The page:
Place the PCB inside an enclosure that would fit the PCB and the optional speaker. In my case, all the parts would fit inside a small phone outlet box, though I have to heat up the cover a little to create a bulge so that the ESP-01 module would fit.

Step 4: Flashing the ESP-01

In this step, we will flash the ESP-01 with arduino sketch. If you've never flashed ESP-01 module, you can follow my instructable to get you started: https://www.instructables.com/id/USB-to-ESP-01-Boa...

You can find my sketch in my github page: https://github.com/andyjawa/MQTT-Wifi-Water-Flood-...

In the sketch, at the minimum you need to change the following information pertaining to your home network/setup:

#define MQTT_SERVER "10.0.0.30"
const char* ssid1 = "SSID";
const char* password1 = "MYSSIDpassword";
const char* ssid2 = "SSID1";
const char* password2 = "MYSSIDpassword";

In my home network, I have 2 different access point that broadcast 2 different SSID's, and this sketch would allow redundancy by connecting to the next SSID if the communication to the current AP is lost. If you have only one SSID, populate both ssid1 and ssid2 with the same value.

Once you made the modification, upload the sketch into ESP-01, and plug in the ESP-01 into the interface board.

Step 5: Test Run

To test if our project works, the easiest would be to monitor MQTT messages in the network. To do that, you need to open an SSH session to the mosquitto broker and issue the following command:

mosquitto_sub -v -t '#'

The above command would allow us to see all MQTT messages coming into the broker.

Now power up our circuit, and if everything works, in a few seconds you should at least see the following MQTT message:

stat/SumpWaterSensor/LWT Online

Now test the water sensor by dipping the 2 sensing wires into a cup of water, and you should see this message:

tele/SumpWaterSensor WET

And if you take the wires out of the water, you should see this message:

tele/SumpWaterSensor DRY

If you see those messages, your project is a success.

I also included several useful MQTT topics in the sketch that you can use:

"stat/SumpWaterSensorInfo" : this message is sent every minute to provide uptime and other info.

"cmnd/SumpWaterSensorInfo" : ESP-01 will sends out info if it receives this topic with value of '1' (ascii=49)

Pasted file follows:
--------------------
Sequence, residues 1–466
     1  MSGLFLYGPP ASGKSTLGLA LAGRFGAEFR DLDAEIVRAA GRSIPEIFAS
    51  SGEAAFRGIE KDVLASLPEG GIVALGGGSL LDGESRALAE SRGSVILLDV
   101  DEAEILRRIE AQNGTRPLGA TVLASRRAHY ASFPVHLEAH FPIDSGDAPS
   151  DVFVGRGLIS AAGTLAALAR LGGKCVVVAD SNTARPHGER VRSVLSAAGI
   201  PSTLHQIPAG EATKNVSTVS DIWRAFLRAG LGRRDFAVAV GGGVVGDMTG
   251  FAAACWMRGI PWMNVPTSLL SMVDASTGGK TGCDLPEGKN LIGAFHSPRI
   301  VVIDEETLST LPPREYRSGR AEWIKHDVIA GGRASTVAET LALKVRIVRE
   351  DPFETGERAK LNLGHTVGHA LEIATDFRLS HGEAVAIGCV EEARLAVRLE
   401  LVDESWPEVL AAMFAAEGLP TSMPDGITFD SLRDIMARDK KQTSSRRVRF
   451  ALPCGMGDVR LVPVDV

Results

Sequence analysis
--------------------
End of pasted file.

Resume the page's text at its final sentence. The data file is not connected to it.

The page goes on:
"cmnd/SumpWaterSensorCPUrestart" : ESP-01 will restart if it receives this topic with value of '1' (ascii=49)

"cmnd/SumpWaterSensorBeep" : ESP-01 will sound the speaker if it receives this topic with value of '1' (ascii=49)

"cmnd/SumpWaterSensorBeepFreq" : Sets the frequency of the speaker alarm, default = 900 (Hz)

"cmnd/SumpWaterSensorDebug" : Enable and set serial debugging level (default is 0 - no debugging)

Step 6: Mount the Sensor

In my application, I want to monitor the water level inside my sump pump well, and to notify me if water reaches above the sump pump float switch, which means that my sump pump is not working. I ran the wires and use wire ties to secure it along the drain pipe.

Step 7: Final Touch

Now that we've got the project working and able to publish MQTT message to broker, the next step is to think of idea what to do with that.

In my project, I use Node-RED to listen/subscribe to the "tele/SumpWaterSensor" MQTT topic and announce to several google home speakers if water is detected. In addition to that, I also linked the flow to a pushbullet node to send notification to my android phone.

I also created a web front-end to see the status of the sensor (on/offline, uptime, etc). Sometimes I saw that it goes offline few times in the course of 1 week, from the stats, a lot of times it's due to ESP-01 getting disconnected from the wifi or MQTT. But not too worry, my sketch has included routine to restart the ESP-01 if it keeps on failing trying to connect to WIFI and/or MQTT broker.

The image on this step, shows the Node-RED flow to accomplish this. You can also paste the flow from my github page into your Node-RED: https://github.com/andyjawa/MQTT-Wifi-Water-Flood-...

Google home announcement is just one example for this project, but I think it's the most useful and practical. You can always interface to other MQTT listener, or even using IFTTT to drive other devices upon water being detected.

Have fun...